QUESTION: Can I use “kind of” with a plural noun or do I have to use “kinds of”?
ANSWER: Yes, you can use “kind of” with a plural noun, but first consider the difference in meaning between “kind of” and “kinds of.”
“Kind” refers to a type. If you’re referring to one type, then use the singular form:
What kind of bread do you want for your sandwich?
(Wheat, white, oatmeal, etc. You may choose one.)
If you’re referring more than one type, then use the plural form:
They have all kinds of bread: wheat, white, oatmeal, gluten-free…you name it.
(They have a variety.)
Note that “bread” in both examples is being used an an uncountable noun.
However, in spoken English, the guideline for choosing between “kind” and “kinds” isn’t strictly observed. Do a search on GetYarn and you’ll hear numerous TV and movie characters ask a restaurant worker, “What kind do you have?” when they clearly expect to hear a variety of things listed, whether it’s salad dressings, pies, or scones. This means that context decides the meaning, not form.
“What kind of soup do you have today?” — The grammar of this question tells me the speaker is asking about the soup of the day. One type. However, some diners will use the very same question minus “today” in order to hear the entire list of soups offered at that establishment. In fact, here are all the variations of that request:
What kind of soup do you have?
What kinds of soup do you have?
What kinds of soups do you have?
What soups do you have?
A server would have to interpret any and all of those questions as a request to list the possible choices. I’d argue the first two questions with the uncountable noun “soup” are the most natural.
In written English, it’s easier to identify preferences. We have tools like Ludwig.guru to help. I’ve been using this linguistic search engine for a number of insights. Check out the rich results through a search on Ludwig.guru for “kind of things VS kinds of things” and you’ll see that 75% of the instances pair “kinds of” with the plural noun, and about 25% use “kind of” with the plural noun. The results come from reputable news sources like The New Yorker and The Guardian.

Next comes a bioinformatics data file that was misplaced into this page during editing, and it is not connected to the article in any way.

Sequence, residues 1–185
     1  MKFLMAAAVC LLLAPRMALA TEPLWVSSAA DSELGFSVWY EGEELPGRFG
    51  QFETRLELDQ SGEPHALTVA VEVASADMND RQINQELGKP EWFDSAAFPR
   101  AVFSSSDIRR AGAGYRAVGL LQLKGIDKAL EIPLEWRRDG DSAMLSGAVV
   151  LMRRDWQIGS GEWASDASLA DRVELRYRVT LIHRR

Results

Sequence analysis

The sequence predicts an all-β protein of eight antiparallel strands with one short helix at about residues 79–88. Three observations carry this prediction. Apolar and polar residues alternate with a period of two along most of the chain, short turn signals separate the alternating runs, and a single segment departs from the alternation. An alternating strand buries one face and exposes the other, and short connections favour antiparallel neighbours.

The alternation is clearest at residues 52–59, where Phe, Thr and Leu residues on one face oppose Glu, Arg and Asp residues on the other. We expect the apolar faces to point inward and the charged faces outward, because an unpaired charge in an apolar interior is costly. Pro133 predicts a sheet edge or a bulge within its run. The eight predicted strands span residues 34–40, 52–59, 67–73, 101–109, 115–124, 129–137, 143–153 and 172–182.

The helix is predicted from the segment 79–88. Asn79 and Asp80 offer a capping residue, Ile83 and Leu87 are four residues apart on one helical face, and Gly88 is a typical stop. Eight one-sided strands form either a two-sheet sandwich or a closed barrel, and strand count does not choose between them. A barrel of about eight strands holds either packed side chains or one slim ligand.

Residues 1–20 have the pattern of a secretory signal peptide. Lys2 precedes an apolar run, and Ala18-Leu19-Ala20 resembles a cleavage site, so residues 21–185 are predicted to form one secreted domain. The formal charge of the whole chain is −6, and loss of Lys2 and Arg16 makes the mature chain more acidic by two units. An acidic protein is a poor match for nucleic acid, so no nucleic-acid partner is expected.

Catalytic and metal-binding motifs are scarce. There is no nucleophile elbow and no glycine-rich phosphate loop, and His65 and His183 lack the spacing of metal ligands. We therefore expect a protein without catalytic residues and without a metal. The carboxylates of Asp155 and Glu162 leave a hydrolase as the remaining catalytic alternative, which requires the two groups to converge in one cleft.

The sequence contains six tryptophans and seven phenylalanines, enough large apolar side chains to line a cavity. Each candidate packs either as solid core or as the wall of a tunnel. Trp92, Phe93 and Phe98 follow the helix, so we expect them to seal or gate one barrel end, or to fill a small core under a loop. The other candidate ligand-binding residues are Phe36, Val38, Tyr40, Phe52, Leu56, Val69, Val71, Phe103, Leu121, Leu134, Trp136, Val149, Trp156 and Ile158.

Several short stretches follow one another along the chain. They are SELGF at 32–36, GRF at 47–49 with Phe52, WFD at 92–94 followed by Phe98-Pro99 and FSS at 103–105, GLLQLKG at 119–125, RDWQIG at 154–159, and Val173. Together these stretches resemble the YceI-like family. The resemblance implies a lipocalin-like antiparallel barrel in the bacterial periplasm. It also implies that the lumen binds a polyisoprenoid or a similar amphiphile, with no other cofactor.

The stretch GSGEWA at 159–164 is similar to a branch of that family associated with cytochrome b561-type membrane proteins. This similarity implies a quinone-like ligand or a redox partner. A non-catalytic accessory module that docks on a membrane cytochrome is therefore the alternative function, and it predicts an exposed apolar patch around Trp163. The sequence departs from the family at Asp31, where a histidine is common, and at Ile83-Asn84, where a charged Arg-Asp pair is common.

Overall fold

The results are even more telling on Just-the-Word, which pulls examples from the British National Corpus. Out of the 18K+ results listed for “kind of,” I spotted only a handful of instances where “kind of ” paired with a plural noun. More often “kinds of” was used. This suggests “kinds” is preferred to express a variety, whereas “kind” refers to one type or category.
I’ll use that guideline in the next set of examples:
[kind of + singular noun/uncountable noun/plural noun]
This is the kind of thing I warned you about.
(There are problems of a certain nature. I mentioned this category of problems before.)
That’s the kind of crime you don’t serve time for.
(There is a category of less serious crimes.)
I like the kind of people who ask questions.
(There are those who do and those who don’t. I prefer the first type.)
[kinds of + uncountable noun/plural noun]
They sell all kinds of cheese.
(They have many different types for sale.)
I made all kinds of mistakes in my youth.
(There were numerous and various mistakes.)
The final answer to the original question is that there are times when “kind of” can be followed by a plural noun, but it’s likely less common than using “kinds of” with a plural noun. More important, “kind of” + plural noun refers to a single type or one category.
A final related note is that Americans have made phrases like “all kinds of wrong” and “all kinds of crazy” acceptable through sheer frequency. We use “all kind of (something)” to refer to a large amount. Sticking adjectives in that structure allows to intensify the degree of that quality. In other words, “all kinds of wrong” means “very wrong” and “all kinds of crazy” means “really crazy.” You can hear all kinds of examples (wink, wink) on GetYarn and even a few more on YouGlish. Since we’re referring to degree or an amount rather than instances, singular verbs are used despite “kinds” being plural. For example, in movie review on Bleeding Cool, Jeremy Konrad tells us about Stephen King’s latest book-to-screen adaptation: “[S]o there is all kinds of crazy that can go on the screen in this one.” (I.e., Stephen King created a lot of crazy content.) This informal use of “all kinds of (something)” is one more example of letting the context decide the meaning, not the form.
Featured photo by ElisaRiva. Retrieved from https://pixabay.com/illustrations/questions-demand-doubts-psychology-1922477/.